Privacy Preserving Explanations in Recommender Systems: A TNA experience

By Gaurav Pandey, Faculty of Information Technology, University of Jyväskylä, Finland

Host: Avishek Anand, Assistant Professor, L3S Research Center, Hannover, Germany

I was fortunate to have a short research visit to L3S Research Center in Hannover, Germany. The visit focused on the initial ideas related to "Privacy Preserving Explanations in Recommender Systems". Explainability of recommender systems has gained much attention during the last few years, where we see many efforts that aim to explain to a user why she has been recommended an item. However, to the best of our  knowledge there are no existing studies that aim to check whether explanations can become a source of user privacy breaches.

The user to user privacy breach can occur because of a recommendation explanation, when certain preferences (e.g. likes, views, ratings, etc.) or personal attributes (e.g. location, organization, occupation, etc.) of a user is revealed to other users. Therefore, the study focused on identifying the cases where the explanations could potentially lead to privacy breach.

Moreover, the privacy breach could be direct, derived or in terms of level of certainty. A direct breach is the simplest, where the private information of a user is directly revealed to the other users; for example: “You are recommended this movie because user A has given 5 stars to it”. Here, the privacy of user A is breached. Alternatively, there could be an indirect breach where, the preferences of the users can be reverse-engineered or derived; for example: “Two of your friends living in City X like movie A”. Now, if the user has only two friends in city X, then their preferences can be derived. Moreover, there could be cases where the private information is revealed not with full certainty however with a high level. Consider the example: “You are recommended Hospital X because more than 90% of your online friends receive cancer treatment there”. Now, if the user has only 10 online friends, their sensitive information is revealed with a high level of certainty.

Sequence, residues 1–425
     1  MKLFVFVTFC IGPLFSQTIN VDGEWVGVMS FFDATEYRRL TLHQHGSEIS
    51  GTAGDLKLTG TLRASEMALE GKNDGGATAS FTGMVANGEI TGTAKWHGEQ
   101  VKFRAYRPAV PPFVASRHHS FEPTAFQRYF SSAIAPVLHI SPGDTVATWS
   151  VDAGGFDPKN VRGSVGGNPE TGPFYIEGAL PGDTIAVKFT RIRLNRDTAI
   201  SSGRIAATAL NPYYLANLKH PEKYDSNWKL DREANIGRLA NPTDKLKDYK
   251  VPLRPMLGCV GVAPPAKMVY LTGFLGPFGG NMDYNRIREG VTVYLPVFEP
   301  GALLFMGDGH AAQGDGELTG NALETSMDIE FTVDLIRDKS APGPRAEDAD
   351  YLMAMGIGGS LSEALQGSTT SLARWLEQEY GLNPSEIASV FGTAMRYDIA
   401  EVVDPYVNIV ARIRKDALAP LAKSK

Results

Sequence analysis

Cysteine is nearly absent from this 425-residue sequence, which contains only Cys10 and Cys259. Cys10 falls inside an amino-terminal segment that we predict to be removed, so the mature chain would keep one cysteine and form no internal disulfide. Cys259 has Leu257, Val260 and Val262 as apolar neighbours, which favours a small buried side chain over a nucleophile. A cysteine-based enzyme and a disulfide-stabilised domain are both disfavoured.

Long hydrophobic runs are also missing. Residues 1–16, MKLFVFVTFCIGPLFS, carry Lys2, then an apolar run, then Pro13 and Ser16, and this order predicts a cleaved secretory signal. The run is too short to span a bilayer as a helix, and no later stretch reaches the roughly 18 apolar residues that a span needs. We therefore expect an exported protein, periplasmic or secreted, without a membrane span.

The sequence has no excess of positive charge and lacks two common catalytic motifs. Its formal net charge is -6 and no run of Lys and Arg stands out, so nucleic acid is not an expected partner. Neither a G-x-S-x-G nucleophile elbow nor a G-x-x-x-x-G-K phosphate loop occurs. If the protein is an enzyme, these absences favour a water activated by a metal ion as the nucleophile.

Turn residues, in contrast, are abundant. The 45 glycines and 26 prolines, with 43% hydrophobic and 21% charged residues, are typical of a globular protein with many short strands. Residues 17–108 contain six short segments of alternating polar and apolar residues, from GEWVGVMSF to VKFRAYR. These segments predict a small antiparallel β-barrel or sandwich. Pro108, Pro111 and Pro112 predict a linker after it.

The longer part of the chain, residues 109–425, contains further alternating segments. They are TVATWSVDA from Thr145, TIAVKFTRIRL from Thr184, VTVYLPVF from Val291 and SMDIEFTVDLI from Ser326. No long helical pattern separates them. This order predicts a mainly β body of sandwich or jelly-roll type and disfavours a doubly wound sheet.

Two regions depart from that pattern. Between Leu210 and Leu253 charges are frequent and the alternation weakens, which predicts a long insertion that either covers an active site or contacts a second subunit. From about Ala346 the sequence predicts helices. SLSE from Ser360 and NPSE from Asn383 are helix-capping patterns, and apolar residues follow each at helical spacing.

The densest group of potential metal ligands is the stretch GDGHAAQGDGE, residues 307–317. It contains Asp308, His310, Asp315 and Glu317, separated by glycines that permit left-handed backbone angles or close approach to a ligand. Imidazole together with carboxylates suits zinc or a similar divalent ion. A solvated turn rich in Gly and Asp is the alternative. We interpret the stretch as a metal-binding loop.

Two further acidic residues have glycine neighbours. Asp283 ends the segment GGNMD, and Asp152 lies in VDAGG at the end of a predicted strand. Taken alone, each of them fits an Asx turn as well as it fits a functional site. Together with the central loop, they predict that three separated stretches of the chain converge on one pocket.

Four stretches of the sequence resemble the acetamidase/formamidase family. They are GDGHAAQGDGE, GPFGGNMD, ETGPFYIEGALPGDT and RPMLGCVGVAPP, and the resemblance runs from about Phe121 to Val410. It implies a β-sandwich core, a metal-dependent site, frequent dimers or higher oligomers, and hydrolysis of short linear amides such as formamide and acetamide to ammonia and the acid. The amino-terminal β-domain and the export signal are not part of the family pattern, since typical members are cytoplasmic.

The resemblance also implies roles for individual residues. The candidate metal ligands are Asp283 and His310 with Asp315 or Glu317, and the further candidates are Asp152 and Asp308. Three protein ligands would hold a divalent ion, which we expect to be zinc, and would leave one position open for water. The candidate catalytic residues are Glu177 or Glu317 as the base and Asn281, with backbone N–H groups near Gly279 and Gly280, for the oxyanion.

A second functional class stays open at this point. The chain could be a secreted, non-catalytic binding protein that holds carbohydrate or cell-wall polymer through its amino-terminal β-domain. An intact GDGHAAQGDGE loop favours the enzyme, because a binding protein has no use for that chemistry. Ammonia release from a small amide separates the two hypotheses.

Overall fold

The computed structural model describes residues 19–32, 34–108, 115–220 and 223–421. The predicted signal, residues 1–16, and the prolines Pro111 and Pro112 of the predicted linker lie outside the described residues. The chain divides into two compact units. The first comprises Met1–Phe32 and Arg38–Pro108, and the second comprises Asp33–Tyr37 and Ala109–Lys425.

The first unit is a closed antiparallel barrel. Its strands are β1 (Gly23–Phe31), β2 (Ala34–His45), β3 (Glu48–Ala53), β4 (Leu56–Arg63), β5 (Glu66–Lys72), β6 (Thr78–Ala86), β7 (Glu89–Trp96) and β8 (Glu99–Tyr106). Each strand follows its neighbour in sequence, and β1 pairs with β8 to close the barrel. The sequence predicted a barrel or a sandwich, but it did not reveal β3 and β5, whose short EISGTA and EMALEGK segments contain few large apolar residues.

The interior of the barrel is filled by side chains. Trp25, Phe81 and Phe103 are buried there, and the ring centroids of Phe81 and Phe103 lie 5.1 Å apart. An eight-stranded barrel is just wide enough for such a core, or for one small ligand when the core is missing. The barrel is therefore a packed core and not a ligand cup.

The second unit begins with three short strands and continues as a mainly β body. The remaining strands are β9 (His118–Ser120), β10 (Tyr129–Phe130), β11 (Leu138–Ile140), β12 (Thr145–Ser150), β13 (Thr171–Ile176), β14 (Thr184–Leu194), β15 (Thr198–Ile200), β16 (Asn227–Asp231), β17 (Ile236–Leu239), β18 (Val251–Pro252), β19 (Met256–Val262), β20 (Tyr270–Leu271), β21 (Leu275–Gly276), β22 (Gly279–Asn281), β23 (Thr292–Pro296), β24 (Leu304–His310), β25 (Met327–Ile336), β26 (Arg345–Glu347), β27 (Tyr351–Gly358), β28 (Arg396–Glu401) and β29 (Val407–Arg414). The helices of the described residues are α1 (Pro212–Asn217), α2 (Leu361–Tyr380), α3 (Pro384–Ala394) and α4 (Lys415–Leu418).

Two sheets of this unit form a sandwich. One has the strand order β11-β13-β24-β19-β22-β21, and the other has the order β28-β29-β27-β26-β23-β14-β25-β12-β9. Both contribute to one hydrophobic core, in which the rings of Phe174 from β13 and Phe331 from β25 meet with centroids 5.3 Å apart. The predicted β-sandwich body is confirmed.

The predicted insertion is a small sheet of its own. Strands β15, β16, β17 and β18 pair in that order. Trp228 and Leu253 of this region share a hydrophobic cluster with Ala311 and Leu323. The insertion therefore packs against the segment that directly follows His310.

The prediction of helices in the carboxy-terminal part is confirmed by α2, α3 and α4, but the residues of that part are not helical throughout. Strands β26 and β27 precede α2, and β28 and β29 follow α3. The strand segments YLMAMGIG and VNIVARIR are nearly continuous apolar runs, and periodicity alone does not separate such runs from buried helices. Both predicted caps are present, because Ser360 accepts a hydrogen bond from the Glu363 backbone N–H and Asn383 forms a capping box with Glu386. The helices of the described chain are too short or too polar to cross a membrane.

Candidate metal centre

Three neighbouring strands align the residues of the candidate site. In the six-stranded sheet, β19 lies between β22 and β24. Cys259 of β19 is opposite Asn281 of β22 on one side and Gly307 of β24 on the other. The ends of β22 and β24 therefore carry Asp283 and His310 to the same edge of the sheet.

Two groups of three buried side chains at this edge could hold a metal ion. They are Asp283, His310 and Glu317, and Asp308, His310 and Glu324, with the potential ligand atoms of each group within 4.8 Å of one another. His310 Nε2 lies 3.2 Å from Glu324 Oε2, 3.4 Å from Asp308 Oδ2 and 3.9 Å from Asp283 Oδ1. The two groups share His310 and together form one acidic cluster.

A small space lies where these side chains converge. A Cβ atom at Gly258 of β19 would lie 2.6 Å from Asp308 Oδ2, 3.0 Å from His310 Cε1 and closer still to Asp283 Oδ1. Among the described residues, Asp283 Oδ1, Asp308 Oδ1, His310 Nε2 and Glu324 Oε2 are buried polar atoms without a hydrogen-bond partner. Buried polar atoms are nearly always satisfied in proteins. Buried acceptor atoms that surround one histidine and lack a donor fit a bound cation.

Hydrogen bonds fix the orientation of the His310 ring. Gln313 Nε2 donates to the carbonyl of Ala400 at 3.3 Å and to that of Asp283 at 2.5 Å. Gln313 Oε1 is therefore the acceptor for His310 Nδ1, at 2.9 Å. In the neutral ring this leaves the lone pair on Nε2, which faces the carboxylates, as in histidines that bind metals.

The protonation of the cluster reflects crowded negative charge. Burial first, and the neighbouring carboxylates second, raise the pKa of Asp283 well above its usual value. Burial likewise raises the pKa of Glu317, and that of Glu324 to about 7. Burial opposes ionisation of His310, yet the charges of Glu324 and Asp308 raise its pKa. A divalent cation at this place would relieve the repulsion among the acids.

It often varies from user to user, what information they consider private. Therefore, we propose that the recommender systems should explicitly ask the user permission regarding what particular information (preferences and attributes) can be revealed to other users. Moreover, future directions include creation of methods that can detect explanations that lead to (direct or derived) privacy breach.

In sum, the research visit helped me to look into a relatively new area of research that I would like to explore in further detail. Moreover, it was a great opportunity for networking and to form future collaborations.

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